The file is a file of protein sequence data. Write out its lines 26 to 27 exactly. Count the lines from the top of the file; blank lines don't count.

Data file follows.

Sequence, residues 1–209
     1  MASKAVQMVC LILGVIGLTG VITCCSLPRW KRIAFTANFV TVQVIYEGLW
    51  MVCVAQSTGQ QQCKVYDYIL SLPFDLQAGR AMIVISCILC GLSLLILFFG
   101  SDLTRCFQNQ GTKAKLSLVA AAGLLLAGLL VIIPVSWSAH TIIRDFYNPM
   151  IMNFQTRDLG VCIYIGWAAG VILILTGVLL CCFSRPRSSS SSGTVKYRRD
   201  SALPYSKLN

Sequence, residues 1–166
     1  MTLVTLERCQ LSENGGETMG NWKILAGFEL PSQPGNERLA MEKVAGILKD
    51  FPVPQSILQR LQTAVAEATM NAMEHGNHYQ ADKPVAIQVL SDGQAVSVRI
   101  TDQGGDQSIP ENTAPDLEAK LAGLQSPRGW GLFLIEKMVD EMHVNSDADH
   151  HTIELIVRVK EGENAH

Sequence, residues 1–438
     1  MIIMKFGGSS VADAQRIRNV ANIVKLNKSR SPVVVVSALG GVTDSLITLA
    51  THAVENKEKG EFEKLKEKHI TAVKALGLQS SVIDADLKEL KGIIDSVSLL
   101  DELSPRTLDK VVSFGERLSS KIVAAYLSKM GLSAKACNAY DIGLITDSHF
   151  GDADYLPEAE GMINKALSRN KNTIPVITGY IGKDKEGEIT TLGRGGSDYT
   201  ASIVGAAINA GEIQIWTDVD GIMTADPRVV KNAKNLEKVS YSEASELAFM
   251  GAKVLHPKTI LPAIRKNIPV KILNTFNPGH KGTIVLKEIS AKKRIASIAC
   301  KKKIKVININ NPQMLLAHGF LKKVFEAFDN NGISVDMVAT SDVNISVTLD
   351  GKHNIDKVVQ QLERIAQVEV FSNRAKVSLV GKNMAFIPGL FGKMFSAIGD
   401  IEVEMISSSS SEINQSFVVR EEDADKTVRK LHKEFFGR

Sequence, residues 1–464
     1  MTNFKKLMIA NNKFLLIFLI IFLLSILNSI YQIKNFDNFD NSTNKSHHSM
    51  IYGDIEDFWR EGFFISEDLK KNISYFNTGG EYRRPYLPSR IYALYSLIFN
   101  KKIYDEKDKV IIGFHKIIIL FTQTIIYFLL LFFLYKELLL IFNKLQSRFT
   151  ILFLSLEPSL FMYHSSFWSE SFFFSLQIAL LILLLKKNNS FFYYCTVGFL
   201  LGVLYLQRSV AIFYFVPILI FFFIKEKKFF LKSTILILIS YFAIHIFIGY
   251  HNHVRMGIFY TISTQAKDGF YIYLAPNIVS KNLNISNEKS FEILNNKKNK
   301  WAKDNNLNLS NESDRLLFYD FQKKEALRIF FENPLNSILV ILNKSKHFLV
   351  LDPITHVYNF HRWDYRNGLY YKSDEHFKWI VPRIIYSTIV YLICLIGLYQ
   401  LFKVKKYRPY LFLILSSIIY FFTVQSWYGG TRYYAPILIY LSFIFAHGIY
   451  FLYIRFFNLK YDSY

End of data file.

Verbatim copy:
   151  ILFLSLEPSL FMYHSSFWSE SFFFSLQIAL LILLLKKNNS FFYYCTVGFL
   201  LGVLYLQRSV AIFYFVPILI FFFIKEKKFF LKSTILILIS YFAIHIFIGY